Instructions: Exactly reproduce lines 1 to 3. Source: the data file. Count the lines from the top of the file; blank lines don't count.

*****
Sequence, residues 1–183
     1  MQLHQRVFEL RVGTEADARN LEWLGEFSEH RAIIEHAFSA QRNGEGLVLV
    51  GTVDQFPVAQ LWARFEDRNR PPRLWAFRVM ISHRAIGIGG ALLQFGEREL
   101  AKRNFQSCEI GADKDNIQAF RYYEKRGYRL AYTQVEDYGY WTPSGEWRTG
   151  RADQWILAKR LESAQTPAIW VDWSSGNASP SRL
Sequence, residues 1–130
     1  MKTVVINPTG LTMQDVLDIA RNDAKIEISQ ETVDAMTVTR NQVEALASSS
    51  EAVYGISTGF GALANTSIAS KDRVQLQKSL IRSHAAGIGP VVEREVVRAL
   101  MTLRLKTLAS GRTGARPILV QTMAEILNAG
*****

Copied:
Sequence, residues 1–183
     1  MQLHQRVFEL RVGTEADARN LEWLGEFSEH RAIIEHAFSA QRNGEGLVLV
    51  GTVDQFPVAQ LWARFEDRNR PPRLWAFRVM ISHRAIGIGG ALLQFGEREL